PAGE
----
How Britons are feeling pinch from Brexit
Britain voted last week to quit the European Union, despite the government's warnings of a potential recession and hefty price hikes for consumers.
Since the shock vote outcome, perhaps the most dramatic fallout has been the collapse in the pound.
The value of sterling has tumbled since Friday by up to 12.6 percent against the dollar and by up to 10.2 percent against the European single currency.
"The fall in value of the pound will have an immediate impact on holidaymakers and their spending power overseas," the Association of British Travel Agents said.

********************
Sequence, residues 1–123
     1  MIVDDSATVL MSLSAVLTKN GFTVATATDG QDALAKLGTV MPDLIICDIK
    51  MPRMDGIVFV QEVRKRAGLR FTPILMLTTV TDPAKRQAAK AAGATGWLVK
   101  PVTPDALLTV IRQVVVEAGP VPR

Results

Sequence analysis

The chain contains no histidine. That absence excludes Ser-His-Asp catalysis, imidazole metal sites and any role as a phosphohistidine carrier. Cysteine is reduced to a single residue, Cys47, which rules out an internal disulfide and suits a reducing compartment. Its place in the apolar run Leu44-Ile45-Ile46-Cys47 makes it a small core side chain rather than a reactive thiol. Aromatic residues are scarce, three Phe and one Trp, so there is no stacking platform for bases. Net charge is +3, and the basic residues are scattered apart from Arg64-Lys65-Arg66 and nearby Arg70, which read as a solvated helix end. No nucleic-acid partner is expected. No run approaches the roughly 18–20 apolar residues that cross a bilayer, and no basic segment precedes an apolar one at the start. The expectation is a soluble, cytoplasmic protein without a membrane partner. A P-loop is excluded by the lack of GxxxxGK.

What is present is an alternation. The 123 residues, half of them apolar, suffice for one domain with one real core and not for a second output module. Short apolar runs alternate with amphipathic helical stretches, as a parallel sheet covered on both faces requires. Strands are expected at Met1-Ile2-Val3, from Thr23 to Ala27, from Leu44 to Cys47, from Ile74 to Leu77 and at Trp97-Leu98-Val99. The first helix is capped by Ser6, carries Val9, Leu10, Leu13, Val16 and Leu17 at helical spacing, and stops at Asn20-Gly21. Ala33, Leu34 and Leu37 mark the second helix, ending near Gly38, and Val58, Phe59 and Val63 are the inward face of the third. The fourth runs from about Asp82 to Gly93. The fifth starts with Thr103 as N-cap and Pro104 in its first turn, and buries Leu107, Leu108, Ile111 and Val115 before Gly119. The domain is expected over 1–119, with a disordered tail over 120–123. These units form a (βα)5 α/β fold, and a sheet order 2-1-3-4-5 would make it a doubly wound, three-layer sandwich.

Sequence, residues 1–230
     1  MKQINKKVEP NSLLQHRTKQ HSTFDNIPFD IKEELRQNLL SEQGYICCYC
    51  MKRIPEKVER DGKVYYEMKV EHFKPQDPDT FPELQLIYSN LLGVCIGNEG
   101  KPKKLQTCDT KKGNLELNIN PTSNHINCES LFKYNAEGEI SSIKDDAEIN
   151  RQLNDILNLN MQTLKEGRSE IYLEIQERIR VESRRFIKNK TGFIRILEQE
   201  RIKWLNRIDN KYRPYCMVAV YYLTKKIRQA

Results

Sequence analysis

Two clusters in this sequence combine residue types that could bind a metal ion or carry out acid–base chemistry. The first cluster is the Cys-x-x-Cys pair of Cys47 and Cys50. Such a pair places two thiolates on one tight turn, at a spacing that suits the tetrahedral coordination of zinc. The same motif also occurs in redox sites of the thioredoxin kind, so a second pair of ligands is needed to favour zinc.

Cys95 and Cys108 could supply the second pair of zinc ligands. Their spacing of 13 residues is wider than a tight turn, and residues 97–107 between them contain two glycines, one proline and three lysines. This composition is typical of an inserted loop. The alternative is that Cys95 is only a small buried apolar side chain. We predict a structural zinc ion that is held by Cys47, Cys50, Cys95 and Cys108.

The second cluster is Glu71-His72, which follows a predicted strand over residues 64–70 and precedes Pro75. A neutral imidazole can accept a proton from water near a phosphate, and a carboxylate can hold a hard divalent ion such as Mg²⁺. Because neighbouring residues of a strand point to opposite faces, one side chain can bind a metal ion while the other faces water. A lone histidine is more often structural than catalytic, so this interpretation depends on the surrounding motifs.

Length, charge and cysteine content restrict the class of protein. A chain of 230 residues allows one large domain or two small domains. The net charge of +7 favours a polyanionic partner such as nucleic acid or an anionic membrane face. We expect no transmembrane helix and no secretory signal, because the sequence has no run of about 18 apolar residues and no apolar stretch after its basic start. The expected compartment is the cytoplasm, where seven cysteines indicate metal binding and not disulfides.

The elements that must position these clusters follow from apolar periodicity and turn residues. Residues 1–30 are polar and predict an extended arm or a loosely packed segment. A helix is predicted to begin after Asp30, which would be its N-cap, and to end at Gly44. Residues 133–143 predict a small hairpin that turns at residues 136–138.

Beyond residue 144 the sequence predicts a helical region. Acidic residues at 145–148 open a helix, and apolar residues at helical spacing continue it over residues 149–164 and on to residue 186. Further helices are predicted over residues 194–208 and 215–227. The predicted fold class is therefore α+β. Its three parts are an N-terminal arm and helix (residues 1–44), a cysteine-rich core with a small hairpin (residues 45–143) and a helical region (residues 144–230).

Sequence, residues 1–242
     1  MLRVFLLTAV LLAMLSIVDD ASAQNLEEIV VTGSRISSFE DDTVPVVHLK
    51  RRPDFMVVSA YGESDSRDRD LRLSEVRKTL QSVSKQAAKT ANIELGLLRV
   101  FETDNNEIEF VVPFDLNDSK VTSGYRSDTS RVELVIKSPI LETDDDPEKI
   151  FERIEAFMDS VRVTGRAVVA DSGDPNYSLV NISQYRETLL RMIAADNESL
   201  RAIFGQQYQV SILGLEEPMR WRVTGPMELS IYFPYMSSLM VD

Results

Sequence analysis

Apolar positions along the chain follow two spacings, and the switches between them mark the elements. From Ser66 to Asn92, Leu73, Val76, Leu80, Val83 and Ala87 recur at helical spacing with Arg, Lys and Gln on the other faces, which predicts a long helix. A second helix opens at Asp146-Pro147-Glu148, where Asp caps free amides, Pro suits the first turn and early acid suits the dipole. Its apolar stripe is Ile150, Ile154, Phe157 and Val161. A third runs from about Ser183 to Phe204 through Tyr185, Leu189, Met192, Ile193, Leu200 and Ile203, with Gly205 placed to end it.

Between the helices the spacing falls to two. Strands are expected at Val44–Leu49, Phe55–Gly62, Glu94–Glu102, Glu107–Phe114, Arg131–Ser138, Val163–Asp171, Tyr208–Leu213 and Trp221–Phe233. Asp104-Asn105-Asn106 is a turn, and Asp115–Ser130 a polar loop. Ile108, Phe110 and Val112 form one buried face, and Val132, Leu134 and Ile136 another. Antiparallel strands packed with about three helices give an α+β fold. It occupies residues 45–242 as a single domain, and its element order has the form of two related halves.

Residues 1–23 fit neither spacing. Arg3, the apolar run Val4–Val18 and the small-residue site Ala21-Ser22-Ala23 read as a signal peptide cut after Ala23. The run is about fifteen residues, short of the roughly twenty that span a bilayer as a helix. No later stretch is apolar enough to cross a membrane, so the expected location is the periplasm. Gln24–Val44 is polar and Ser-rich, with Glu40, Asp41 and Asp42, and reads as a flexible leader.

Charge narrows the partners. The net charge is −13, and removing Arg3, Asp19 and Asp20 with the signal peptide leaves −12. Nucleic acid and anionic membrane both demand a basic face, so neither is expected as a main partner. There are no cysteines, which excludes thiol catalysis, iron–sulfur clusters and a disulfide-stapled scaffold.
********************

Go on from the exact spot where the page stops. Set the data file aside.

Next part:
Ahead of the vote outcome, Britons had flocked early last week to foreign currency dealerships to sell their pounds in case of a currency crash.
In chaotic trade on Monday, the unit tanked to $1.3121 -- its weakest level since September 1985 -- while it forged two-year lows versus the euro.
The plunging pound also means imported goods like fresh produce will cost more, pushing consumer price inflation higher, experts warn.
"The prices of fresh produce will definitely go up as much of this is sourced from the EU," said analysts at Kantar research consultancy.
"In the case of (British supermarket giant) Tesco, for example, almost 50 percent of butter and cheese consumed in the UK comes from milk sourced from EU markets."